There are many programs and internet games for students to be able to lean rhyming words. ABC Mouse (https://www.abcmouse.com/) is a great tool to use for students. It has six Academic levels and also follows CCSS standards. It also has a way to record progress of each student. It helps with reading and rhyming and other activities to help the students to understand what is needed. This is a great way to give extra help to the ones who need it. The teacher can take the recorded progress and use it as an assessment and it can be put in the child’s file. It can be used at home as well for extra help. There are also many technology devises such as leapfrog products (http://www.leapfrogschool.com/kit/category/3715-3715c/330116) such as the LeapFrog Tag School pen. It reads aloud to the student to help them follow along in the book and to learn the words. YouTube has educational videos for students to help them hear the rhyming words for “Teddy Bear, Teddy Bear” and see the animation of the different moves in the poem. They get to interact and make the movements as well.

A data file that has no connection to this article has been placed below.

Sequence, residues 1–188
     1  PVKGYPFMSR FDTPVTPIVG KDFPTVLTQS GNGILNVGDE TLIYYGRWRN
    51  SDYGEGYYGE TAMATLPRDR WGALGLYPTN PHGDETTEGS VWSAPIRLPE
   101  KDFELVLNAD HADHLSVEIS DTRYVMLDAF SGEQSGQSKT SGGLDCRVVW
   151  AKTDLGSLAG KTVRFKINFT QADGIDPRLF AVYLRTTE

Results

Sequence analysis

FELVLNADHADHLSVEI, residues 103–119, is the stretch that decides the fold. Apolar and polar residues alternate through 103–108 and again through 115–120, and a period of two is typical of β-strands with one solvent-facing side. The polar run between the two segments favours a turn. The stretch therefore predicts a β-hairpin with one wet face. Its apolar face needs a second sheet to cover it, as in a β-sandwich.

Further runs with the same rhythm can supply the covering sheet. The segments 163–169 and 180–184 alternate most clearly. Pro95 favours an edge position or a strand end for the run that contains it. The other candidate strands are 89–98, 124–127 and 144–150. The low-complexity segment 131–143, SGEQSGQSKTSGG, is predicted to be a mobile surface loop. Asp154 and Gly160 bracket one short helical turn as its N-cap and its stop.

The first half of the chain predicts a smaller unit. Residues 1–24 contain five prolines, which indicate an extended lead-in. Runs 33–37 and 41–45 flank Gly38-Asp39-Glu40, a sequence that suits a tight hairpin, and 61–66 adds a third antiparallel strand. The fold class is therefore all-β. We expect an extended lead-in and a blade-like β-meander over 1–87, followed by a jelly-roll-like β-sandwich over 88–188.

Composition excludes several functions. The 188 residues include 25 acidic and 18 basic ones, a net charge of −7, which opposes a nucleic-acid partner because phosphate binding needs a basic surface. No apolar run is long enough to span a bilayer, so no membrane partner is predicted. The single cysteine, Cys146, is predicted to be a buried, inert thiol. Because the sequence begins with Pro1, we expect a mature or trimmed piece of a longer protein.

Technological Content Knowledge:
“An understanding of the ways that technology and content influence one another, particularly the manner in which the subject matter is changed by using certain technologies. This interaction of technology with content includes knowing which specific technologies are best for subject-matter learning” (Koehler & Mishra, 2009).